America is using the Bosnian crisis to try to reassert its international
authority. Germany, which led the international response to the
war in Croatia, has been forced to take a more backseat role.
The shifting international context of the Yugoslav conflict reflects
the lack of cohesion on the world stage. What has been constant
throughout the war in Yugoslavia, however, has been the demonisation
of Serbia - and radical support for Western intervention.
The decision by the United Nations to impose sanctions on Serbia
has moved the Yugoslav conflict to a new stage. The dynamic behind
the fighting in Bosnia is the same as that in Croatia - the fragmentary
tendencies unleashed by the collapse of the Stalinist bureaucracy
and the differential impact of market forces. However, the degree
of Western intervention has dramatically escalated and the international
context in which the conflict takes place has shifted.
In Croatia, the Western nation leading the international response
was Germany. In Bosnia, the USA is making all the moves. The changing
international aspect is a product not of any developments in the
Yugoslav conflict, but of the uncertain balance of power in the
new world order.
Germany used the war in Croatia to project itself on the international
stage. Bonn's aggressive support for Croatian independence became
a vehicle through which it could promote a foreign policy independently
of other Western powers. Germany used the war to increase its
influence in the region and to legitimise its wider diplomatic
and military aspirations. The result was that the USA was largely
sidelined in the conflict. Indeed America, and the rest of the
European Community, were forced to accept Germany's lead in shaping
the Western response to the war.
Now America is using the Bosnian conflict to reassert its international
leadership role. Washington has effectively bounced the EC and
the UN into taking precipitate action against Serbia. Secretary
of state James Baker's criticisms of the EC's reluctance to move
against Serbia was aimed at putting pressure on Europe to line
up behind the USA. America is using the Bosnian conflict to bolster
the credibility of Nato and to disparage the claims of alternative
organisations such as the Western European Union or the recently
announced Franco-German military corps.
The US attempt to rally opinion against Serbia is different from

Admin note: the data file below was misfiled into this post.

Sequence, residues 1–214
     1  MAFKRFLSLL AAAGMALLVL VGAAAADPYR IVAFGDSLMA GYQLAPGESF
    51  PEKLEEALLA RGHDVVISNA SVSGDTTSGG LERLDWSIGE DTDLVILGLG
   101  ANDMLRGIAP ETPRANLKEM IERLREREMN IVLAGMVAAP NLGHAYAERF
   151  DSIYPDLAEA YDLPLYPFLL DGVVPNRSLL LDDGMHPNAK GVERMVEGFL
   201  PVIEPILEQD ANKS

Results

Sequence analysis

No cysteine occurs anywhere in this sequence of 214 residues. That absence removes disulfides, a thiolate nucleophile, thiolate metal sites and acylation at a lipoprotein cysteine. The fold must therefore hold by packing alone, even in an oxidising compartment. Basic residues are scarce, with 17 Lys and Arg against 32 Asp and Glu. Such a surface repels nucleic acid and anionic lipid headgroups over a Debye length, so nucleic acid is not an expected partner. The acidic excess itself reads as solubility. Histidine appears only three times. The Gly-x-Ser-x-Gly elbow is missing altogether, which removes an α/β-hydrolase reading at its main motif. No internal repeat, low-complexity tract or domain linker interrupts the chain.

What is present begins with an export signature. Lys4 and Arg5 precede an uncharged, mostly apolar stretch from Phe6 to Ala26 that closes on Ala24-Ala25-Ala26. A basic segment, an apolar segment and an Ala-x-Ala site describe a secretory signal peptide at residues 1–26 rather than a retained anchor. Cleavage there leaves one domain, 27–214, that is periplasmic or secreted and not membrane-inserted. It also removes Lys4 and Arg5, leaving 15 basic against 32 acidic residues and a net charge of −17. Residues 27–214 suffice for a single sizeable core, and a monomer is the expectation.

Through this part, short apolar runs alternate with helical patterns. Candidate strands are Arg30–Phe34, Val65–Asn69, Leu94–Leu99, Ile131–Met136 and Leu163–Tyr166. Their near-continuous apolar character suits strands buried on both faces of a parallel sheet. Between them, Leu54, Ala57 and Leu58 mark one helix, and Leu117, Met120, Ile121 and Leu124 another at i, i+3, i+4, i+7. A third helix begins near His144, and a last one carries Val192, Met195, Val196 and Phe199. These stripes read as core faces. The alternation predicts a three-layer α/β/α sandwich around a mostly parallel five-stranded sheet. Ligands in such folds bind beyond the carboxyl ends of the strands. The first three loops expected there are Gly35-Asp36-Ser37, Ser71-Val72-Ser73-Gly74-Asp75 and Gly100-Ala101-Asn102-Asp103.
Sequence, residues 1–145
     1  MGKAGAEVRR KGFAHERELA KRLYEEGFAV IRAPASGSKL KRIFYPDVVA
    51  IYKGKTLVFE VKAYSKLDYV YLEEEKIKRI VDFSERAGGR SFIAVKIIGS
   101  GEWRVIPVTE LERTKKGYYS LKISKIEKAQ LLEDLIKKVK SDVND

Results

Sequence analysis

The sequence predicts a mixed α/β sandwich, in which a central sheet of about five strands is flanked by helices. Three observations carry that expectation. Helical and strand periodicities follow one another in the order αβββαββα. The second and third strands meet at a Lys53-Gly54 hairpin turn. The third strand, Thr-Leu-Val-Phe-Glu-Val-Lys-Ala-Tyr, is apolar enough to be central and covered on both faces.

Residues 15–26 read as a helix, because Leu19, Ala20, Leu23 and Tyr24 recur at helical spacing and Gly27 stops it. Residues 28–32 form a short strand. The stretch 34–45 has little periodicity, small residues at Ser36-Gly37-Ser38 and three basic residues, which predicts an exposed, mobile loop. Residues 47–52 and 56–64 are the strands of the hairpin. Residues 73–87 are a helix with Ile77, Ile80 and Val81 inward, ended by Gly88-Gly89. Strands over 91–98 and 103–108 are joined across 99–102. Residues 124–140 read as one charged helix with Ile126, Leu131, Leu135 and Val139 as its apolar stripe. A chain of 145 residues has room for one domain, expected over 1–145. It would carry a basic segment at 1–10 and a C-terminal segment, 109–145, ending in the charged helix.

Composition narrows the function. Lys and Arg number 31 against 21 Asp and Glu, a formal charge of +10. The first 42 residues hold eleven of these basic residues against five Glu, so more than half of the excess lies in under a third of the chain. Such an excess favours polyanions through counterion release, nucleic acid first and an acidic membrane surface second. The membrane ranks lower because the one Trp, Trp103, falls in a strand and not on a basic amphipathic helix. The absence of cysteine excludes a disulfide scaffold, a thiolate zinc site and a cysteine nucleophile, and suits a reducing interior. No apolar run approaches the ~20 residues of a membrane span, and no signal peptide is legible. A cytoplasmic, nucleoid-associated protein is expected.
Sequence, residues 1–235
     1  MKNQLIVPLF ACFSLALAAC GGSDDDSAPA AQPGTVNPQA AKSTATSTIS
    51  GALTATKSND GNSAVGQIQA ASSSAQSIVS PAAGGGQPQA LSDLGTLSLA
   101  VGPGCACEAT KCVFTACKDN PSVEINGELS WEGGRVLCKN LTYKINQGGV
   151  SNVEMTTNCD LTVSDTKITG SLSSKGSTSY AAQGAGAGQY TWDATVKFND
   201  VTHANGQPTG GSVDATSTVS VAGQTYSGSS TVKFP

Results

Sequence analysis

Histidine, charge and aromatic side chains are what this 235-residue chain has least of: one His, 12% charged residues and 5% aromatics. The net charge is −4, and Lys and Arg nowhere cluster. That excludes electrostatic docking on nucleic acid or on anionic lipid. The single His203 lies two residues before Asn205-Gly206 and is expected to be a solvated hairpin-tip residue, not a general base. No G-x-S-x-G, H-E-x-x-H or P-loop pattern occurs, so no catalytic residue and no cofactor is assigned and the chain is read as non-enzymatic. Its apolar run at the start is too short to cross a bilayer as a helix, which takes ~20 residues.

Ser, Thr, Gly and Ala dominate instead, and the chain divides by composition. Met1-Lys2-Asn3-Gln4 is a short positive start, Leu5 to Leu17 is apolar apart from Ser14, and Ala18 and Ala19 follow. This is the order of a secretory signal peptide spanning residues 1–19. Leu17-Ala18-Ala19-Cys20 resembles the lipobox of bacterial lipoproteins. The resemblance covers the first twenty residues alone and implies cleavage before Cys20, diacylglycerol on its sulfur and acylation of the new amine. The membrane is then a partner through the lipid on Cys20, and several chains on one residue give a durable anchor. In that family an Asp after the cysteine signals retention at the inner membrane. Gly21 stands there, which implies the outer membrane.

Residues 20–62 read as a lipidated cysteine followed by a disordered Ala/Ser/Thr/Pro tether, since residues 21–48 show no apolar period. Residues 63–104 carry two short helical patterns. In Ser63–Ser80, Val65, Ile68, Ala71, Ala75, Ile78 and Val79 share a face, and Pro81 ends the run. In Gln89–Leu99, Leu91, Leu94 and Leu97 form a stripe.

its aim in the Gulf War. In launching Desert Shield, the USA was
attempting to maintain its hegemony in world affairs. The fragmentation
of international order, and America's loss of authority on the
world stage, has progressed much further in the year since the
end of the Gulf War. Washington is now concerned not so much to
reassert a world leadership role accepted by all as to bring into
line Western allies who today are less constrained by American
policy and have greater confidence to pursue their own interests.
The shifting international context of the Yugoslav war demonstrates
the instability of the world order. No power is capable of fully
imposing its authority. Each attempts to use every opportunity
to shift the balance of power in its favour. The result is a lack
of cohesion in international affairs.
If the international context of the Yugoslav conflict has changed,
what has remained constant is the targeting of Serbia. In fact
the demonisation of Serbia is far more explicit today than it
was during the Croatian conflict.
The Western media presents the Serbian leader Slobodan Milosevic
as a madman, an unreconstructed Bolshevik and a new Saddam Hussein.
Serbians are depicted as barbarians and non-European. A particularly
vile cartoon in the Independent last week portrayed Serbs as apes, echoing the great British
tradition of anti-Irish and anti-black 'humour'.
There is little question that Milosevic is a brutal, self-seeking
politician who has manipulated nationalist sentiment to entrench
his political power. Serbian troops have certainly been responsible
for many atrocities in the region. But, in the context of the
Yugoslav conflict, there is nothing unusual in this. The leaders
of all the republics - most of them former Stalinist bureaucrats
- have manipulated ethnic divisions for political ends. Indeed
it was the leaderships in Croatia and Slovenia which did most
to foment nationalist rivalry in an attempt to bolster their claims
to independence. Not only Serbian troops, but all the various
armies and factions, have been involved in bloodshed and atrocities.
Croatia has been complicit in the attempt to partition Bosnia.
Western commentators have singled out Serbia, not because it is
any worse than the other Yugoslav republics, but because it makes
a convenient scapegoat against which to rally international opinion.
Just as Western radicals accepted the demonisation of Iraq in
the Gulf War and looked to Western intervention to deal with Saddam
Hussein, so now they have gone along with the scapegoating of
Serbia. Indeed the left has led the chorus of condemnation, supporting
the right of Croatia, Slovenia and Bosnia to 'self-determination'
and selectively denouncing Serbian aggression. By supporting nationalist
movements in the different republics, radicals were lending support
to the manipulation of ethnic divisions. Such manipulation having
led to the current conflict, the left now places the blame entirely
Radical commentators such as Tony Benn and Ken Livingstone have
attacked Western governments for failing to implement sanctions.
As far back as six months ago, the New Statesman published an article calling on Britain to 'bomb Serbia'. Not
content with the slaughter in the Gulf, the left now urges the
West towards a new bloodbath in the Balkans.
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